This week is QUT Sustainability Week, and during awareness weeks like this we hear a lot about metal water bottles and beach clean-ups. While these endeavours are important, there are many facets of sustainability, even just within the QUT Community.
Glass sits down with Dr Katie Woolaston, a lecturer from the School of Law and an interdisciplinary researcher. Katie holds a PhD in Environmental Law from Griffith University. If you’re a law student, you may have her for LLB102. One of her core research areas is ‘human-wildlife conflict’, and I interviewed her to learn more about the intersection of the laws of nature, and environmental law, two similar sounding but vastly different concepts.
I meet with Katie over Zoom. She’s sitting outside, working from home, and the sounds of the bushlands rustle behind her. We start talking about her role at QUT and her study area.
“I’m a lecturer and researcher in the Law School. I came to QUT when finishing my PhD, which was done at Griffith.”
Katie tells me that she’s doing research on the ways in which we ‘deal’ with wildlife that do not help human interests and needs.
”If you look at Dingo Attacks on K’Gari (Fraser Island) or shark attacks or any situation where animals are causing harm to humans, that’s what I study.”
She speaks on these topics with such a rich understanding; she’s got an ability to explain such vast topics to me with ease. We talk about how the law and policy affect our relationships and interactions with these animals in a way that I’ve never realised.
“Often,” Katie says “we have this relationship based on how law and policy frame the relationship rather than emotionally engaging with those species.”
We turn to her work, and I ask her to tell me what’s more challenging in her role, and what is particularly rewarding.
“Well, I’ll start with the more challenging, because it’s easy. Working in environmental law, or conservation, or an environmental space is distressing. Because the people that need to listen don’t.“
These words sit for a moment between us, as we share an unsaid understanding of who those people are, and the immense cost of their inaction. She continues on.
”If we take the Great Barrier Reef, for years conservation scientists have been saying that its future is endangered and that coral bleaching is happening from global warming. And then you have the Australian Government, actively lobbying to have the endangered listing from UNESCO stifled. So that’s really hard and really distressing to take.”
“It’s the same with our wildlife, our extinction and threatened species rates just keep climbing. And climate scientists and social scientists continue to give a number of avenues we could take to lower those rates but unfortunately, other interests take priority in politics and that’s really hard to deal with.”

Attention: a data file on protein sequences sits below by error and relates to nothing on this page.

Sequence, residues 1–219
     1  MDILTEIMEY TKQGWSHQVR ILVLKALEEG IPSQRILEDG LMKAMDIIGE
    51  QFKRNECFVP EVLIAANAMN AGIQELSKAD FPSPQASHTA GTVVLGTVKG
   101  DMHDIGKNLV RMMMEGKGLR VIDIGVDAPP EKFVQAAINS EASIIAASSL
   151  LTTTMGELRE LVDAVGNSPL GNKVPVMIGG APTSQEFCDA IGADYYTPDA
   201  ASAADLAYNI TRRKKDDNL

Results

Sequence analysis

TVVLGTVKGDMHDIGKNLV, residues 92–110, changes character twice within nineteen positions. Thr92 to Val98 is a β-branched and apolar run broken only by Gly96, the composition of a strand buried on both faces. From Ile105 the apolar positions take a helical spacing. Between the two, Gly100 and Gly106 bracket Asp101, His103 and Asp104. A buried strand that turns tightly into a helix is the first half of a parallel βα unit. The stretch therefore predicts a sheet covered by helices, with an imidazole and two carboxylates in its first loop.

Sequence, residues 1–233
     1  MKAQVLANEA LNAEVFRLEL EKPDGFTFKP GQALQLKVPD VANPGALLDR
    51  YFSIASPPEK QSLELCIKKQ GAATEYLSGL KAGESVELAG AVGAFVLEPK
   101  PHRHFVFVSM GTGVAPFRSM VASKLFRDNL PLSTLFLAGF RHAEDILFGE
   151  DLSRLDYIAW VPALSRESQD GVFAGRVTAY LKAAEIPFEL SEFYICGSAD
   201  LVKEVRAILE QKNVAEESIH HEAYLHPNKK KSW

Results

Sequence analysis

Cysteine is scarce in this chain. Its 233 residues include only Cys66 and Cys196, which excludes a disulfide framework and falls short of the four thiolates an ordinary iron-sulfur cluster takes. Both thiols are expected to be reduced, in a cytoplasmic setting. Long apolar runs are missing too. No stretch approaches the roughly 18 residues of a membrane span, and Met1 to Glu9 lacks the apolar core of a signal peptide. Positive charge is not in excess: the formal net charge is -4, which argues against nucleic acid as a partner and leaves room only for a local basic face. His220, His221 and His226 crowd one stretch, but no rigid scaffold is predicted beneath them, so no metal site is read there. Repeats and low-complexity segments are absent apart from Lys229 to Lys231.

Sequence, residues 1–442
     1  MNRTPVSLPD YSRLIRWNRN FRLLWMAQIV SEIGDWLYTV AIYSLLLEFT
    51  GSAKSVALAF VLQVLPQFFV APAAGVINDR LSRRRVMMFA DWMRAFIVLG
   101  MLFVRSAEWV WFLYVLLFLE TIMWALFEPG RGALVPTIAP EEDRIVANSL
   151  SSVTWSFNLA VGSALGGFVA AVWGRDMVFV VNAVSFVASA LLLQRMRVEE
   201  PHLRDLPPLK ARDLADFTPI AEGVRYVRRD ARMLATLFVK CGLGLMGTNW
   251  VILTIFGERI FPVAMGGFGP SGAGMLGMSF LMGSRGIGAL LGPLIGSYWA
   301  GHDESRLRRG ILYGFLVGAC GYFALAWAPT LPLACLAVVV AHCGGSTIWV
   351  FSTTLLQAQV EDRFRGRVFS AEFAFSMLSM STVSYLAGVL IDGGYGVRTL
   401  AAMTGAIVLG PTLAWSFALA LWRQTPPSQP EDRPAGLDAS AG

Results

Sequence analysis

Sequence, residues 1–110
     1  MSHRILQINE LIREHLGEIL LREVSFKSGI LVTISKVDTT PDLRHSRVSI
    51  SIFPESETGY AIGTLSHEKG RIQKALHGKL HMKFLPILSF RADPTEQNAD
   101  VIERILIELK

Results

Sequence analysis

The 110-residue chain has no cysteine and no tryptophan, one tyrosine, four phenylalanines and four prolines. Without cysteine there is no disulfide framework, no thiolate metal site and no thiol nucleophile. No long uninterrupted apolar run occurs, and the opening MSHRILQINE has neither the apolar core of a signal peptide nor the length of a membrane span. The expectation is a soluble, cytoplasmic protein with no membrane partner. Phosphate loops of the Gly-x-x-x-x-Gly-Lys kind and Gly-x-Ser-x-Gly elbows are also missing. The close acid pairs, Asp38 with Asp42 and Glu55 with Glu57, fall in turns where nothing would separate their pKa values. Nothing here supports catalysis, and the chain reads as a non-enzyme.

It’s hard to comprehend that someone as engaging and as well informed by Katie gets ignored in her research specialty area.
“It’s not all frustrating though”, she says. “It’s wonderful to work with students that are really keen and have motivation as the next generation. That generation has a much better chance of getting through than we do, because they’ve been acutely aware of these issues their whole life. They’re also much more aware of the direct consequences of inaction. So, that’s a really great aspect of my job, to see how that generation is using what they’ve learnt to enact change.”
She speaks with great respect and admiration for her students. Katie teaches Torts, Introduction to International Law and Animal Law. Considering the sentiment I have seen around the Torts exam, I assume that many of these conversations about conservation occur in the Animal Law unit. Katie continues,
“The rewarding aspect is when you do breakthrough, it doesn’t happen often,” She laughs. “I’m currently working with the Australian government around wildlife and disease, because of the pandemic. And they are listening and that’s really great.”
COVID-19, as usual, has entered our conversation, a seemingly inescapable reality that touches our lives more than we can comprehend yet. Katie tells me that the virus has so much more to do with human-wildlife conflict than we remember, referring to the live markets in Wuhan that started this virus off. It feels like a lifetime ago. I ask Katie about how she feels about people so often not listening to experts, in topics of the environment and public health. She launches in, clearly, she’s thought about this a lot.
“It’s happening in so many areas, there’s so many people with covid pushing back against experts when they don’t like what the experts are saying because it infringes on the way they want to live their lives and that’s really the nature of the environmental problems too. We need an exponential shift in how people live their life and I can understand that, but the long term effects are far more than small, liberal infringements at this point.”